by his own powers. It is a known truth
that mighty God has ruled mankind
throughout far time (696ff)
And following the hero’s victory over the monster:
The Lord then ruled
all the race of men, as He still does now (1057ff)
These passages illustrate one scholar’s interpretation: “The Beowulf poet, too, makes his heroes refer again and again to the power and providence of a single God, and he takes Beowulf’s victory as a sign that ‘God has always ruled mankind, as he still does’” (Frank 58). But despite the Christian gloss Beowulf still uses boar images on his helmet, still wanted cremation. In the following passage God’s power and providence are highlighted early-on in the poem, with the story of King Scyld Scefing, who later goes through the pagan ritual of ship-burial:
he grew under heaven, prospered in honors
until every last one of the bordering nations
beyond the whale-road had to heed him,
pay him tribute. He was a good king!
A son was born him, a glorious heir,
young in the courtyards, whom God had sent
to comfort his people, -well had He seen
the sinful distress they suffered earlier,
leaderless for long. Therefore the Life-lord,
the Ruler of glory, granted earthly honor:
Beow was famed (8ff)
God is the all-powerful One who grants this earthly honor of awesome strength that Scyld, Beow, Healfdene, Hygelac, Ongontheow, Hengest, Hrothgar, and others shared in. This idea continues:
Then Hrothgar was given victory in battle (64).
Again the provident God. From Heorot Hrothgar would:
he would share out
among young and old all God had given him,
except common land and the lives of men (71ff)
Heorot gave joy to the people with its scop narrating “how the Almighty had made the earth,” the “life He created, in each of the species,” “until a certain one began to do evil, an enemy from Hell,” a descendant of Cain. So God’s antithesis is in Grendel and his mother and their “home in the darkness.” Ater killing more than 60 Dane warriors, Grendel “grieved not at all for his wicked deeds – was too deep in sin;” many awful sins against mankind, the solitary fiend often committed;” “he knew not His love.” So God in this poem, besides providence and power, also stands for: avoiding sin, and loving.
The Christian and pagan are juxtaposed in lines 477-478 as Hrothgar elaborates on the Grendel situation to Beowulf:
The ranks in my hall,
my men, are less; fate [wyrd]swept them off
in Grendel’s terror. Yet God may easily
stop the mad deeds of the foolhardy ravager (476ff)
To find causation for evil in a pagan source [wyrd], and to admit that God could counter the evil if He chooses – may be quite Christian in its outlook. In the following passage the reader sees God once again juxtaposed with wyrd when the hero narrates what follows after his killing of nine sea-beasts, in lines 569ff.:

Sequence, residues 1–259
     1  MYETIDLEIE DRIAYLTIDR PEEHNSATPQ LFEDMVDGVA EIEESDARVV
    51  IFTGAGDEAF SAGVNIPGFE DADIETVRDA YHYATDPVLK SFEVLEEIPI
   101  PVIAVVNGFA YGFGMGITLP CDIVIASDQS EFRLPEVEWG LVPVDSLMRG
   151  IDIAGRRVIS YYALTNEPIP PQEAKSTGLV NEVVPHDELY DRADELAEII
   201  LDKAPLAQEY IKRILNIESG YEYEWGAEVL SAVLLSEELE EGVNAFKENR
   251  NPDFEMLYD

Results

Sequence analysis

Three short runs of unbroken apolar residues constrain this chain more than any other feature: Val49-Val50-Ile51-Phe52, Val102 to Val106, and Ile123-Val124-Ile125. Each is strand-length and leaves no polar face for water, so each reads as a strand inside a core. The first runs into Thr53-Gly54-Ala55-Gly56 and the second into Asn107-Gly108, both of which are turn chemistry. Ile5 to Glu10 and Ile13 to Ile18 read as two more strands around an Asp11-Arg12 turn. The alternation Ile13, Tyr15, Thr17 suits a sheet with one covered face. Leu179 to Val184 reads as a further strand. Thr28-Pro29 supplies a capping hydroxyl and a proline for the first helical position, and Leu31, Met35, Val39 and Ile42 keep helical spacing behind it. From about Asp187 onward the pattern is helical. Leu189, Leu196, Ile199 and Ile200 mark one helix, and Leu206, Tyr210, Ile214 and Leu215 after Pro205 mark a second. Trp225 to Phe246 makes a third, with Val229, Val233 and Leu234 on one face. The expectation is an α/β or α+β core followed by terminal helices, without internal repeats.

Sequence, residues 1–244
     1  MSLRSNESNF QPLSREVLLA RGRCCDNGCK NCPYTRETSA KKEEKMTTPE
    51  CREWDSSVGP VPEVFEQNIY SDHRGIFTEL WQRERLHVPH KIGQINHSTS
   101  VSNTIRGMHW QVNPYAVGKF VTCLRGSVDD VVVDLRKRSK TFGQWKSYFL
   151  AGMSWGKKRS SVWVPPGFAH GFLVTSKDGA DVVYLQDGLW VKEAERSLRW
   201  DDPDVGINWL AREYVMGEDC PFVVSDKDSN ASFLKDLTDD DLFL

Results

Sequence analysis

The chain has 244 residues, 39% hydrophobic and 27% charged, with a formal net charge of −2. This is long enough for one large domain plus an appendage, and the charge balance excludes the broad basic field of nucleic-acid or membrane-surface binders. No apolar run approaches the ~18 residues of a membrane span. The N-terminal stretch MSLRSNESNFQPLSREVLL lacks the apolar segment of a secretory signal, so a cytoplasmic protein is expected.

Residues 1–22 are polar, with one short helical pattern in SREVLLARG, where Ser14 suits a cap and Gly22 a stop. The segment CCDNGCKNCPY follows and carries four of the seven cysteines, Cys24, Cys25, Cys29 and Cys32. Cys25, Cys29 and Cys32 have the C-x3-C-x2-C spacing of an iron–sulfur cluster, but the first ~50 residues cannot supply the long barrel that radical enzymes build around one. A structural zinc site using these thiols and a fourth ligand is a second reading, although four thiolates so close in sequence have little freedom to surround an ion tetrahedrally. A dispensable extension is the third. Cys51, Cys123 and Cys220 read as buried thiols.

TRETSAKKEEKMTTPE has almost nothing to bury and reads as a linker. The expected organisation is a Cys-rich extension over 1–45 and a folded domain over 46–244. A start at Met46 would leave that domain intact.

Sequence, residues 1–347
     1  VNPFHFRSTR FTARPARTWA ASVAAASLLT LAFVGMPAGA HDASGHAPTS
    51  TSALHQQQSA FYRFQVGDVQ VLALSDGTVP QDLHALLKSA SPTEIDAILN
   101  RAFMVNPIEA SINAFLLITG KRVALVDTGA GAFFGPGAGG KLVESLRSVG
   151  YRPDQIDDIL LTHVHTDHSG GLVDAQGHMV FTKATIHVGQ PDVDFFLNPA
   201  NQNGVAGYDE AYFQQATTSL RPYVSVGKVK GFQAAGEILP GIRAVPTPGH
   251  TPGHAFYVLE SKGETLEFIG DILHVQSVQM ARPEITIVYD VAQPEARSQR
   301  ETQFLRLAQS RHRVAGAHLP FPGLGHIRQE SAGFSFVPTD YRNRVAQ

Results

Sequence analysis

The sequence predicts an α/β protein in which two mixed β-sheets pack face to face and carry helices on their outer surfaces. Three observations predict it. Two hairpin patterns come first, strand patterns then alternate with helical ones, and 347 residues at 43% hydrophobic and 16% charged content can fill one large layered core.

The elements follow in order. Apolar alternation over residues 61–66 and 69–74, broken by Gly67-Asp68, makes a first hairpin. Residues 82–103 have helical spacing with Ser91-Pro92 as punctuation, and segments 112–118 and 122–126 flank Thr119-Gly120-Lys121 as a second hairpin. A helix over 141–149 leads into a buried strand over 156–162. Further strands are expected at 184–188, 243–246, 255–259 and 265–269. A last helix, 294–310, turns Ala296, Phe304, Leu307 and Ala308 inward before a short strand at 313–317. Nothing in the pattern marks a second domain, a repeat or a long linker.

Light came from the east,
God’s bright beacon, and the seas calmed,
till I saw at last the sea-cliffs, headlands,
the windy shore. So fate [wyrd] often saves
an undoomed man when his courage holds.
God stood alongside the hero in his monster combats, even providing a magic sword against the mother, and in his feud settlements. But towards the end of the epic, when Beowulf was confronted with the ravaging of the kingdom by the fire-dragon, the hero relied mostly on his pride and on his own proven record of accomplishment, and less on God – and so he paid a fatal price. Beowulf basically deserted his powerful, provident God and relied on himself – a very unchristian thing to do.
of King Hrolf Kraki
is an Iceland saga representing 1000 years of oral traditions prior to the 1300’s when it was written. “In the view of fourteenth-century Scandinavians, the Christian God was the only true god of victory” (Byock xxxi). This may not be all that obvious to the reader of The Saga of King Hrolf Kraki because there are so many elements preserved from the cult of Odin that they tend to overwhelm the reader and make him think that this simply has to be a pagan prose work. Many of the women in the work are capable of various spells, encantations, curses, rune magic, and other forms of magic or sorcery; some of the male characters have these abilities too. In the narration of the basic storyline I will include some Christian and some pagan elements.
The Saga of King Hrolf Kraki begins with King Frodi murdering his brother, King Halfdan, and grabbing his kingdom. Halfdan’s two sons, Helgi and Hroar, escape with the help of Vifil, who was “well versed in the arts of old magic” (01). Frodi uses the aid of sorceresses and soothsayers, and later sorcerers, to find the two sons, but to no avail because of the more poerful magic or charm of Vifil. vifil lives on an island where he hides Helgi and Hroar, and feels that the “air and paths are alive with magic, and powerful spirits have visited the island” (3). On such a day when Vifil felt the power of sorceresses trying to penetrate the secret of his island, he advised Helgi and Hroar to remain in the underbrush and not show themselves.